2016: Journal of the American Statistical Association
Jianing Wang, Lingjiao Zheng, Xintao Niu, Chuantao Zheng, Yiding Wang, Frank K Tittel
A mid-infrared carbon dioxide (CO<sub>2</sub>) sensor was experimentally demonstrated for application in a greenhouse farm environment. An optical module was developed using a lamp source, a dual-channel pyre-electrical detector, and a spherical mirror. A multi-pass gas chamber and a dual-channel detection method were adopted to effectively enhance light collection efficiency and suppress environmental influences. The moisture-proof function realized by a breathable waterproof chamber was specially designed for the application of such a sensor in a greenhouse with high humidity...
September 1, 2016: Applied Optics
Christine J Ziemer, Makenna Snyder
Infants actively explore their world in order to determine the different ways in which they can interact with various objects. Although research on infant perception has focused on how infants understand the differences between 2- and 3-dimensional objects, today's infants increasingly encounter 2D images with interactive qualities on smart-phone screens, tablets, and laptops. The purpose of this experiment was to examine the types of manual behaviors infants direct toward tablet images and to compare these actions to those evoked by 2D photographs or 3D when tactile feedback is controlled...
2016: Frontiers in Psychology
Emilie Neveu, David W Ritchie, Petr Popov, Sergei Grudinin
MOTIVATION: Docking prediction algorithms aim to find the native conformation of a complex of proteins from knowledge of their unbound structures. They rely on a combination of sampling and scoring methods, adapted to different scales. Polynomial Expansion of Protein Structures and Interactions for Docking (PEPSI-Dock) improves the accuracy of the first stage of the docking pipeline, which will sharpen up the final predictions. Indeed, PEPSI-Dock benefits from the precision of a very detailed data-driven model of the binding free energy used with a global and exhaustive rigid-body search space...
September 1, 2016: Bioinformatics
I Gregor, A Schönhuth, A C McHardy
MOTIVATION: Gene assembly is an important step in functional analysis of shotgun metagenomic data. Nonetheless, strain aware assembly remains a challenging task, as current assembly tools often fail to distinguish among strain variants or require closely related reference genomes of the studied species to be available. RESULTS: We have developed Snowball, a novel strain aware gene assembler for shotgun metagenomic data that does not require closely related reference genomes to be available...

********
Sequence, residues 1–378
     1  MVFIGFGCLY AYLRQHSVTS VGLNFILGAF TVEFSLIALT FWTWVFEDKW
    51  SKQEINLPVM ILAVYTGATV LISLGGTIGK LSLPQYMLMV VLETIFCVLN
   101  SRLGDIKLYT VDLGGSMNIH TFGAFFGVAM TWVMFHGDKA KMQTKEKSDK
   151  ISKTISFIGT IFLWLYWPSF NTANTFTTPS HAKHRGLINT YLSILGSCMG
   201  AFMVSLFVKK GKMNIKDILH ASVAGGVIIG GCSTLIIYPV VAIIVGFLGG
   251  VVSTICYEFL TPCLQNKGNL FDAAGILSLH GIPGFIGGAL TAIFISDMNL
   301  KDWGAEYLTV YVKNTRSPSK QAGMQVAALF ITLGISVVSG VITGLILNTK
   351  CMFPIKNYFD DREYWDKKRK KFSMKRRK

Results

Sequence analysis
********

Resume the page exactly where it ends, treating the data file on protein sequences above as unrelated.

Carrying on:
September 1, 2016: Bioinformatics
Laura C Hart
Changes in health care-including a growing emphasis on quality, outcomes, and lower costs-are transforming the delivery of care and creating a knowledge gap that continuing education must bridge. As clinicians and health leaders spend less time in hospital settings, educational activities are likely to extend their reach, for instance through online education distributed on laptops, tablets, or smartphones. Ezekiel J. Emanuel, MD, PhD, explored this shift in his 2016 keynote to the World Congress for Continuing Professional Development: "Learn to Change: Teaching Toward a Shifting Health Care Horizon...
2016: Journal of Continuing Education in the Health Professions
Ngiap Chuan Tan, Mui Suan Tan, Siew Wai Hwang, Chia Chia Teo, Zhi Kang Niccol Lee, Jing Yao Jonathan Soh, Yi Ling Eileen Koh, Choon How How
Sleep norms vary between individuals, being affected by personal, communal, and socioeconomic factors. Individuals with sleep time which deviate from the population norm are at risks of adverse mental, cardiovascular, and metabolic health. Sleep-related issues are common agenda for consultation in primary care. This study aimed to determine the sleep time, pattern, and behavior of multiethnic Asian individuals who attended public primary care clinics in an urban metropolitan city-state.Standardized questionnaires were assistant-administered to adult Asian individuals who visited 2 local public primary care clinics in north-eastern and southern regions of Singapore...
August 2016: Medicine (Baltimore)